The minimum wage peaked in 1968 at $8.54 per hour, after adjusting for inflation. The current $7.25 is far too low for the 3 million hourly workers who earn at or below that threshold, and certainly not at par with the wage hikes instituted by other countries with similar economic trajectories.
Here’s The Economist on the United States' embarrassingly low minimum wage:
Given the pattern across the rest of the OECD, a group of mostly rich countries, one would expect the U.S., where GDP per person is $53,000, to pay a minimum wage around $12 an hour. That would mean a raise of about 65 percent for Americans earning the minimum pay rate.
But while several states have higher local minimums (and some cities plan to raise them further), the U.S. as a whole is not where it needs to be. To visualize the problem, MIT has released the Living Wage Calculator, which maps the difference between minimum wage and basic costs of living in cities and counties across America. The map shows that for most minimum-wage earners, supporting their families is an enormous struggle.
To work the tool, you can choose three types of households: a parent with a spouse and two children, a single parent with one child, or a single adult. Once selected, the tool maps the difference between living wage (the cost of living required to get by) and minimum wage for this household. The darker red the county or city, the greater the difference.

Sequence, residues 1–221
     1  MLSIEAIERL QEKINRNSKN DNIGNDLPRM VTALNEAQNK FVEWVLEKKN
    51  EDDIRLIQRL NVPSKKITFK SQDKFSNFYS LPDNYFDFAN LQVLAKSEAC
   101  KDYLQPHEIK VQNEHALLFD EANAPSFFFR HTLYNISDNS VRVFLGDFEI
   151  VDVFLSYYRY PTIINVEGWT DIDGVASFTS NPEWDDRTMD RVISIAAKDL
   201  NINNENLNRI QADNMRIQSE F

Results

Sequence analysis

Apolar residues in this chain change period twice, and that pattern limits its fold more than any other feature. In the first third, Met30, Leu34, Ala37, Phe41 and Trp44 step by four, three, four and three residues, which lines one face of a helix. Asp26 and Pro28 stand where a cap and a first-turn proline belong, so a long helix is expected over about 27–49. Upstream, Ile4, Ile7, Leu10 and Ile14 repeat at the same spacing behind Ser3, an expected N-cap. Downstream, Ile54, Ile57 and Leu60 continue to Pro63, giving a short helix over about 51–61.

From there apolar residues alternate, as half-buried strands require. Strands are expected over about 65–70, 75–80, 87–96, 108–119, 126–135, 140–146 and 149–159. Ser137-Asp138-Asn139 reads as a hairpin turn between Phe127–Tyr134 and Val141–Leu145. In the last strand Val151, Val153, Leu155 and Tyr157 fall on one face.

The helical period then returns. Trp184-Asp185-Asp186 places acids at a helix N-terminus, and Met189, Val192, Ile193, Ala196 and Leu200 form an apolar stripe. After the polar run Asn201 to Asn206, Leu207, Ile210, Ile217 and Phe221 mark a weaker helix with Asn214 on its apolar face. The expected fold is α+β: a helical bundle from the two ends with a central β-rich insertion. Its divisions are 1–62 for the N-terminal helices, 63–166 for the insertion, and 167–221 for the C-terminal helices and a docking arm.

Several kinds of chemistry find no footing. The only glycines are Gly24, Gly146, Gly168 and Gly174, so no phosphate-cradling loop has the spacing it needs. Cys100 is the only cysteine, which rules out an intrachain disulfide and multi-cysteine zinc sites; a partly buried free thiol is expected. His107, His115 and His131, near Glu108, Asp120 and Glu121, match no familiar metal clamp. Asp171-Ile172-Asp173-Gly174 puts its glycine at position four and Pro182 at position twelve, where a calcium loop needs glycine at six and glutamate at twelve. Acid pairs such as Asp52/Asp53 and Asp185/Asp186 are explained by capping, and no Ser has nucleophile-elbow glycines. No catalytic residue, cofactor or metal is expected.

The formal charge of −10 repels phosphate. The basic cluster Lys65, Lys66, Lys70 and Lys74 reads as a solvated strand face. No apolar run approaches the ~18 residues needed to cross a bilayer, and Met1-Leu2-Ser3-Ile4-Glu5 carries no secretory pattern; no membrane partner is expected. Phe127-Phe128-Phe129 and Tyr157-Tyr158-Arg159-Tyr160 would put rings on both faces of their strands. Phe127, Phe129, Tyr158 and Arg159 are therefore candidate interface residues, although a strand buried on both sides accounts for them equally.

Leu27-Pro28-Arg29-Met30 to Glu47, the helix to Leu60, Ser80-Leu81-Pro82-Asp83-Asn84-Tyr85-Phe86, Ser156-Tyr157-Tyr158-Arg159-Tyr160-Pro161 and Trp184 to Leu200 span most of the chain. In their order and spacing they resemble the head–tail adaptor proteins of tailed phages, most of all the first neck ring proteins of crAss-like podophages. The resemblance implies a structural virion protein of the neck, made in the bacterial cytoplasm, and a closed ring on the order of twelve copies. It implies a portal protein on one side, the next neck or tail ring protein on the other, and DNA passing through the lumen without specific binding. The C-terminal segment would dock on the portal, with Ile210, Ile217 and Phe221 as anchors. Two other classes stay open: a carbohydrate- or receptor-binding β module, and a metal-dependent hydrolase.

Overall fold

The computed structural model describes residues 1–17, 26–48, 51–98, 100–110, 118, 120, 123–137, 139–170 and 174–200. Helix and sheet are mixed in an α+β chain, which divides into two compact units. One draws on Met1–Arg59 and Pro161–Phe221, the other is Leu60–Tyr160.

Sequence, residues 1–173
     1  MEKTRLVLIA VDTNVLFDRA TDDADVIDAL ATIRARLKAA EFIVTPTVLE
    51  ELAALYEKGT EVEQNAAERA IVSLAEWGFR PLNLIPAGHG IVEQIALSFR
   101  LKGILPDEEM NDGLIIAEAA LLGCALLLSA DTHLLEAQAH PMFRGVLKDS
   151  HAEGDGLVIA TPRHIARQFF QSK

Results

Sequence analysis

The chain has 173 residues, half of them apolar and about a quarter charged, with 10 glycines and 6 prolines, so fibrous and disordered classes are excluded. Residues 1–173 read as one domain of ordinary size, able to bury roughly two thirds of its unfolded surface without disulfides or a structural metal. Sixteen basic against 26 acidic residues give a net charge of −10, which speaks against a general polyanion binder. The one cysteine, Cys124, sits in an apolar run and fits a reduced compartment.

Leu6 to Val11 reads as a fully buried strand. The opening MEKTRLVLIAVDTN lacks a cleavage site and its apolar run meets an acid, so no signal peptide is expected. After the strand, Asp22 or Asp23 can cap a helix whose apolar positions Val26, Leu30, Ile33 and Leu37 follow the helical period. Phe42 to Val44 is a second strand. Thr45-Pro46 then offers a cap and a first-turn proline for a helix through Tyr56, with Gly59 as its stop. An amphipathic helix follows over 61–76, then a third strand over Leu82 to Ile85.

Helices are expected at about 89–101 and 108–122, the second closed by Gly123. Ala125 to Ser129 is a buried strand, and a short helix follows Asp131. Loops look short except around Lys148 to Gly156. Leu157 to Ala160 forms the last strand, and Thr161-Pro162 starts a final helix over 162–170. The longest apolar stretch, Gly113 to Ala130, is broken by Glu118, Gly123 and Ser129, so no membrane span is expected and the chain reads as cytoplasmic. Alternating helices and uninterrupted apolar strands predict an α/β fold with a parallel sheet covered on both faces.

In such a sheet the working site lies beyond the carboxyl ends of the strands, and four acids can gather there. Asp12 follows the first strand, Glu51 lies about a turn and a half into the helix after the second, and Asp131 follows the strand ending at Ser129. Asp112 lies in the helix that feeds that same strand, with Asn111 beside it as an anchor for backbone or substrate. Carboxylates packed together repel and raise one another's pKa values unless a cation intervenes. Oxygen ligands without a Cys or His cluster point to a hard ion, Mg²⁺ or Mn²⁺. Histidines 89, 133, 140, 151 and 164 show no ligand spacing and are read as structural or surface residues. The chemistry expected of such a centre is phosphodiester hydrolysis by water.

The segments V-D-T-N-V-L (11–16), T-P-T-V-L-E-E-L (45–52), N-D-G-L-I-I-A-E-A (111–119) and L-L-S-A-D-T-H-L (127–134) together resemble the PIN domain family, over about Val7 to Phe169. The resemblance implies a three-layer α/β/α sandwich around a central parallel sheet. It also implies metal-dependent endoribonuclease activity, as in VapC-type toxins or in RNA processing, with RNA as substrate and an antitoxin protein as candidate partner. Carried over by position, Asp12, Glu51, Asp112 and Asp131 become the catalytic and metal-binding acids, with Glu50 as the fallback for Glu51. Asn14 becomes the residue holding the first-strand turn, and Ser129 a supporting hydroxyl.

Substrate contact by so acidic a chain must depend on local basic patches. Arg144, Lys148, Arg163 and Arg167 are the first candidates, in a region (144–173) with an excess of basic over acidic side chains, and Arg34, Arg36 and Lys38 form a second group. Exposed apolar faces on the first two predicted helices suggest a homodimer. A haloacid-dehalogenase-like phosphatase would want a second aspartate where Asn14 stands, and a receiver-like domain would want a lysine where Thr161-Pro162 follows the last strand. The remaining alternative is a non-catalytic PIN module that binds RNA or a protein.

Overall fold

Here’s the county map for households with one parent supporting a nonworking spouse and two-children:
The entire map is fiery red; there isn’t a single county in which a minimum wage can match the local cost of living. In some counties, such as Marin County near San Francisco or Prince William County in Virginia's D.C. suburbs, the breadwinner of this household would have to bring in upwards of $20 more per hour to support his or her family.
Things are tough for a single parent with one child, too. The living wage is higher than the minimum wage in every state. Not surprisingly, cities such as New York, Boston, Washington, and Chicago—where housing and other expenses are sky-high—are stained the deepest red:
For single adults, the map shows that Washington state, where the minimum wage is $9.32, is a sort of living-wage oasis. It contains patches (in green) where the cost of living is actually lower than the minimum wage. Adults making the minimum in Pend Oreille County, for instance, bring in 65 cents more an hour than they need to get by.
The city map for single adults, however, shows that urban living is still far too expensive for low-wage workers, even if you don’t have dependents to support:
Play around with the maps here.
This article is from the archive of our partner CityLab.
This story is part of our Next America: Workforce project, which is supported by a grant from the Annie E. Casey Foundation.
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